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Landslides are very common within the residual soils and sedimentary rock of Southern Indiana. A substantial amount of the Indiana State budget is spent on road repair and maintenance from damage caused by landslide. The landslide remedial technique frequently applied by the Indiana Department of Transportation (INDOT) is the excavation and backfill method, which in most instances is successful. However, in many cases more liberal landslide treatments may be applied that would arrest movement, provide a sufficient safety factor, and at a lower cost. The objective of this study is to propose economically feasible landslide remedial methods that may be used as an alternative to the excavation and backfill method. “Unconventional” landslide remedial methods describe stabilization methods that are not commonly practiced in Indiana, and for which design criteria are not available. Unconventional stabilization methods will likely have the greatest benefit applied to relatively small landslides requiring constant maintenance because these landslides are in a delicate equilibrium. Relatively modest improvements in stability may be sufficient to stop persistent movements. Proposed landslide remedial methods are conventional horizontal drains, driven horizontal wick drains, driven recycled plastic pins, railroad rail piles, lime piles, biotechnical remediation, and gravity mass retaining systems. A landslide inventory containing various attribute information of geologic environment and landslide geometry was compiled. The inventory includes 284 landslides with attribute information of each individual landslide. Landslide locations were entered into a geographic information system (GIS) database along with geographic and geologic information. The constructed GIS database allowed easy correlation of landslide occurrence with geologic features. It is concluded that landslide occurrence is a function of topography and bedrock geology. Suitability of landslide stabilization methods depends upon the characteristics of the sliding mass, which include the geologic environment and geometry of the landslide. A landslide classification scheme was developed which recommends suitable remedial solutions based upon the landslide classification. Eleven landslide types are recognized by the classification scheme, which is based upon four landslide attributes.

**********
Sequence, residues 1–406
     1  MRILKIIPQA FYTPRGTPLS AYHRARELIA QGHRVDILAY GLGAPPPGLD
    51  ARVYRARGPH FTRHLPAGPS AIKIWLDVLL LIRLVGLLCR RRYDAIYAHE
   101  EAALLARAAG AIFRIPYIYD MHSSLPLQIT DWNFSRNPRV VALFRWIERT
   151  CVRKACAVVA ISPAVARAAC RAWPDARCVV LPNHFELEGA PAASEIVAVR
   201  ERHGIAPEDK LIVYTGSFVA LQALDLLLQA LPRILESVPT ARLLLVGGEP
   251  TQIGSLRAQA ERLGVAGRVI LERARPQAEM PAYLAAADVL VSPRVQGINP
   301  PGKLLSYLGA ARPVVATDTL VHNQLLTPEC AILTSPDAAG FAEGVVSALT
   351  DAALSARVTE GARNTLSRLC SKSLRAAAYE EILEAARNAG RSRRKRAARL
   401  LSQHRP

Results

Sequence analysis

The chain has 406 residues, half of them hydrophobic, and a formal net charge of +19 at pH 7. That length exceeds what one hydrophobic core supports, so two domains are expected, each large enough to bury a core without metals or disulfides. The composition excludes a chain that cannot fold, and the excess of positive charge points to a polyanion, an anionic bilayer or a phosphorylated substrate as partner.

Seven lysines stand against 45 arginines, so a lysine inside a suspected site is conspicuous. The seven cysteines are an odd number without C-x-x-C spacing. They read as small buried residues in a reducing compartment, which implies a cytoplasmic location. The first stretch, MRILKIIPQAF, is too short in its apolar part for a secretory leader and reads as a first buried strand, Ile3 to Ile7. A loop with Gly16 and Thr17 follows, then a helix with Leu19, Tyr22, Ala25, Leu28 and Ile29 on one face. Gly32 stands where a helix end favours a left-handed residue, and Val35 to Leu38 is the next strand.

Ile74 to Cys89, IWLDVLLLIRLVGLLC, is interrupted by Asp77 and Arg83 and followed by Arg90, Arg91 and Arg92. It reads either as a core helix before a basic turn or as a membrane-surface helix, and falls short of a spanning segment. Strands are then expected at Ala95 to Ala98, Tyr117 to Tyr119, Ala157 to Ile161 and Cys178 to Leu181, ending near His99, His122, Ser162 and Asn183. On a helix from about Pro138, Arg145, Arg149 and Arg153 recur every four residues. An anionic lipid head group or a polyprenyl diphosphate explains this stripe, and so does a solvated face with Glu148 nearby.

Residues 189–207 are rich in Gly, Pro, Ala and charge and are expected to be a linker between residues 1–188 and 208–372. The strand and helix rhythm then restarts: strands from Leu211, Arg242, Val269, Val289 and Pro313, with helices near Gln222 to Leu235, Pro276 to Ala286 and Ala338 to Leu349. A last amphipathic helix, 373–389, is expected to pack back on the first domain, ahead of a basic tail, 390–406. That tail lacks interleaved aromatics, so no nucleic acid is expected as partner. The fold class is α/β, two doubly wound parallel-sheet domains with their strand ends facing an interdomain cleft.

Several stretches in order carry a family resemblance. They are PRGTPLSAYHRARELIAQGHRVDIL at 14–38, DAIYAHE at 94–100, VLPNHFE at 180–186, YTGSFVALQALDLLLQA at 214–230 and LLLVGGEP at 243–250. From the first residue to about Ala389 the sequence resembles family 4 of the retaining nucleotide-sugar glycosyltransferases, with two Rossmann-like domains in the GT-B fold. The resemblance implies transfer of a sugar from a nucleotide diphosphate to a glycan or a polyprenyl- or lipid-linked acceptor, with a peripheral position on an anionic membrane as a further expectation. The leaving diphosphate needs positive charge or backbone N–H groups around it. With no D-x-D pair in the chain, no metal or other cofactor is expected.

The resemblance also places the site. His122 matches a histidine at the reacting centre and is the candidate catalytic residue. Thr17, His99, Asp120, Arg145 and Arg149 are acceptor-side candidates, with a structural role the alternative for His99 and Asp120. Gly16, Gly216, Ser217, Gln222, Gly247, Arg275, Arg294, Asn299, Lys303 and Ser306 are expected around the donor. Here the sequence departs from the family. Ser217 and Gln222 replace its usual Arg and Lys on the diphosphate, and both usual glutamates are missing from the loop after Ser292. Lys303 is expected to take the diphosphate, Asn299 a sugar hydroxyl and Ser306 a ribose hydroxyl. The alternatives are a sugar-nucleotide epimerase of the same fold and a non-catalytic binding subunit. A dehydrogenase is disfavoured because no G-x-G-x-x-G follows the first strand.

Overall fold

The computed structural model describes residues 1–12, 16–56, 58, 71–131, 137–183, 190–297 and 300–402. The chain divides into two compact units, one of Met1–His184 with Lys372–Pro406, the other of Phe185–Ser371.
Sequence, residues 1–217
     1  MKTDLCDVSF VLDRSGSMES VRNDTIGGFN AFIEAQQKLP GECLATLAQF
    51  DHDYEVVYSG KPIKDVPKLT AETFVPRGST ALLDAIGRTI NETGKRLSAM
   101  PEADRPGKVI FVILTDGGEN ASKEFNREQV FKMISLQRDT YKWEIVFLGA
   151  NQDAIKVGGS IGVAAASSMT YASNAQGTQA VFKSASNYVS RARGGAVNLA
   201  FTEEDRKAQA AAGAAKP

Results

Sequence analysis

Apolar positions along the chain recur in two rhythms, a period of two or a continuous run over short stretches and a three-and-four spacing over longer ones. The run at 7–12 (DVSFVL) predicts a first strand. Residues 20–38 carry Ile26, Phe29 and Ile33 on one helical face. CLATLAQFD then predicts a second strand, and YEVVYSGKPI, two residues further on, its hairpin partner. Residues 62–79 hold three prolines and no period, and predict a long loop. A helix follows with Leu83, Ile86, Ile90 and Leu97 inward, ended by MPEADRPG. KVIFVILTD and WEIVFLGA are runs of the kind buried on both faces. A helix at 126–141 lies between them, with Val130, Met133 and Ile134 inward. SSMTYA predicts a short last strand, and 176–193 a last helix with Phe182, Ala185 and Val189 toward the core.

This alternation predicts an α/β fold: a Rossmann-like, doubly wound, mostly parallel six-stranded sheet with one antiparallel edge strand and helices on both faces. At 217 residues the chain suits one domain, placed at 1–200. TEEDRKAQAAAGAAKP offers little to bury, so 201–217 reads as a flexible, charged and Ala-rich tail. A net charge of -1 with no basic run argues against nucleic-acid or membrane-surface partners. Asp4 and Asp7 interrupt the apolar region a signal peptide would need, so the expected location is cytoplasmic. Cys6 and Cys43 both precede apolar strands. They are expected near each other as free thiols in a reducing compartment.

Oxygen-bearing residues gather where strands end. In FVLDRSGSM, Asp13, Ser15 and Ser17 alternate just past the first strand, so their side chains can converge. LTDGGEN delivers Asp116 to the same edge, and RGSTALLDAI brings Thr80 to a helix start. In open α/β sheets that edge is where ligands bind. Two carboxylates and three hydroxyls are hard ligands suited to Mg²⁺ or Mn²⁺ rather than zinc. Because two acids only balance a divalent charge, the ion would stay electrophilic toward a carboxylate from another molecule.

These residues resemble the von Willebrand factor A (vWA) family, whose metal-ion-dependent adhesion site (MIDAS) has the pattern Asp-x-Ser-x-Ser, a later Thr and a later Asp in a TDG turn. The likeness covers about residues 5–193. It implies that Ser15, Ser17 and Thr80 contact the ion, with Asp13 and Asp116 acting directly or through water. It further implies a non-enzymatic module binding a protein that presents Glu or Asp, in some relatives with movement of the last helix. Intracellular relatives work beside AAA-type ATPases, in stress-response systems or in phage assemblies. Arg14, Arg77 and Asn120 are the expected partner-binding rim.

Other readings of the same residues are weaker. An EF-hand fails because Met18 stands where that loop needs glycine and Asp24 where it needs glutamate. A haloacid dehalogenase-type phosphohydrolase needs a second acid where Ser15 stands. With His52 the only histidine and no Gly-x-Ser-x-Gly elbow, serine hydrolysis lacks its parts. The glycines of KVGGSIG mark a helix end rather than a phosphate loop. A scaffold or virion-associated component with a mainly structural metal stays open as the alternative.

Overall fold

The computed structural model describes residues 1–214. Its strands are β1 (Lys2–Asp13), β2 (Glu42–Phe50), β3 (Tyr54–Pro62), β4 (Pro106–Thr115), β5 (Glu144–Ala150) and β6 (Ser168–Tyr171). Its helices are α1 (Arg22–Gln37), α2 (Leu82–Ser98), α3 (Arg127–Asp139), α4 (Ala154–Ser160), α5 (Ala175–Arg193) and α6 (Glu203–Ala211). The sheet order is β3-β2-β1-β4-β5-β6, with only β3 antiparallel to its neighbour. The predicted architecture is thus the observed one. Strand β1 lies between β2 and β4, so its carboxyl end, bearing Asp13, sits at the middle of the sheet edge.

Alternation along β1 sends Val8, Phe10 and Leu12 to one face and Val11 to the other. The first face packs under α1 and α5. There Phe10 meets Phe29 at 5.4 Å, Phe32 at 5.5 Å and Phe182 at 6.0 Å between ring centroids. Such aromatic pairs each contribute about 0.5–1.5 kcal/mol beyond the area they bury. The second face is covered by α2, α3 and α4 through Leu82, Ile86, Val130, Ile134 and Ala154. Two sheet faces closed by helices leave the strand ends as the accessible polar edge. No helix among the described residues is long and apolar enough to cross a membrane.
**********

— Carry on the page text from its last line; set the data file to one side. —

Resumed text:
failure, geographic information system (GIS), landslide remediation, slope stability, SPR-2191

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Publisher Place

West Lafayette, IN

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